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Aloud what man thou art.

Ang. Who will believe thee, Isabel ? My unsoil'd name, th’austereness of

my

life,
My vouch against you, and my place i'th'ftate,
Will so your accufation overweigh,
That
you

shall stifle in your own report,
And smell of calumny. I have begun,
And now I give my sensual race the rein.
Fit thy consent to my sharp appetite,
Lay by all nicety, and prolixious blushes
That banish what they sue for : save thy brother
By yielding up thy body to my will.
Or else he must not only die the death,
But thy unkindness shall his death draw out
To ling’ring sufferance. Answer me to-morrow,
Or, by th’ affection that now guides me most,
I'll prove a tyrant to him. As for

you,
Say what you can, my false o'erweighs your true.

Isab. To whom should I complain? did I tell this,
Who would believe me? o perilous mouths,
That bear in them one and the self-fame tongue,
Either of condemnation or approof;
Bidding the law make court'sy to their will,
Hooking both right and wrong to th' appetite,
To follow as it draws! I'll to my brother.
Though he hath fall’n by prompture of the blood,
Yet hath he in him such a mind of honour,
That had he twenty heads to tender down
On twenty bloody blocks, he'd yield them up,
Before his sister should her body stoop
To such abhorr’d pollution.
Then, Isabel, livé chaste, and, brother, die;
More than our brother is our chastity.
I'll tell him yet of Angelo's request,
And fit his mind to death for his soul's rest.
· Approof here is to be taken in the sense of approbation.

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ACT

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Enter Duke, Claudio, and Provost.

Duke.
O, then you hope for pardon from lord Angelo ?

Claud. The miserable have no other medicine
But only hope: I've hope to live, and am
Prepar'd to die.

Duke. Be absolute for death; or death or life
Shall thereby be the sweeter. Reason thus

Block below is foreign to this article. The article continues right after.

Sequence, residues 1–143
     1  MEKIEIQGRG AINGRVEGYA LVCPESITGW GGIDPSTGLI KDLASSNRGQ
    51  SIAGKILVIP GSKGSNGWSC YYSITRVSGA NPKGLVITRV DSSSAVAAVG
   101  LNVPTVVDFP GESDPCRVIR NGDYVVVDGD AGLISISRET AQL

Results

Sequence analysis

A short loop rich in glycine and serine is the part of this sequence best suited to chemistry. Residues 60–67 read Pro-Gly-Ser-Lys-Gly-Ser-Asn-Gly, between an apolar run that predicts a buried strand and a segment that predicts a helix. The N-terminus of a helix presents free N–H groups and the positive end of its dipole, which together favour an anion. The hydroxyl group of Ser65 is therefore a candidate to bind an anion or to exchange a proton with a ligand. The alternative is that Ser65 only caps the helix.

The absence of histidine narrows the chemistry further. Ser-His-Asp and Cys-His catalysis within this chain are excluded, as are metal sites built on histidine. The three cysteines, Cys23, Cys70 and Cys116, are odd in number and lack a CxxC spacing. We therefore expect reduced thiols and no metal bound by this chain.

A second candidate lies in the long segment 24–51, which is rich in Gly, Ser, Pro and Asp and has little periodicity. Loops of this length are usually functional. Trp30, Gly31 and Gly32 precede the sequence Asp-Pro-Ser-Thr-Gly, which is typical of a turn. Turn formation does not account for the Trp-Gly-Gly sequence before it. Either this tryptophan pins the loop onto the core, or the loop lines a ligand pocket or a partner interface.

With life: if I do lose thee, I do lose
A thing that none but fools would keep, a breath
Servile to all the skiey influences,
That do this habitation where thou keep'st
Hourly afflict: merely, thou art death's fool; ?
For him thou labour'ft by thy flight to shun,
And yet run'st tow'rd him still. Thou art not noble;
For all th' accommodations that thou bear'st
Are nurs’d by baseness: thou’rt by no means valiant;
For thou doft fear the soft and tender fork
Of a poor worm. Thy best of rest is sleep,
And that thou oft provok’st; yet grofly fear'st
Thy death, which is no more. Thou’rt not thyself;
For thou exist'st on many a thousand grains
That issue out of dust. Happy thou art not;
For what thou hast not, still thou striv'st to get,
And what thou hast, forgett'ft. Thou art not certain ;
For thy complexion shifts to strange effects,

* In the fimplicity of the ancient shows upon our stage it was common to bring in two figures, ore representing a fool, the other death or fate: the turn and contrivance of the piece was to make the fool lay many stratagems to avoid death, which yet brought him more immediately into the jaws of it.

After

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After the moon. Though thou art rich, thou'rt poor;
For, like an ass, whose back with ingots bows,
Thou bear'st thy heavy riches but a journey,
And death unloadeth thee. Friend haft thou none;
For thine own bowels which do call thee fire,
The mere effusion of thy proper loins,
Do curse the gout, serpigo, and the rheum,
For ending thee no sooner. Thou hast nor youth, nor age;
But, as it were, an after-dinner's Neep,
Dreaming on both; for all thy blessed youth
Becomes an indigent, and doth beg the alms
Of palsy’d eld; and when thou’rt old and rich,
Thou hast neither heat, affection, limb, nor beauty,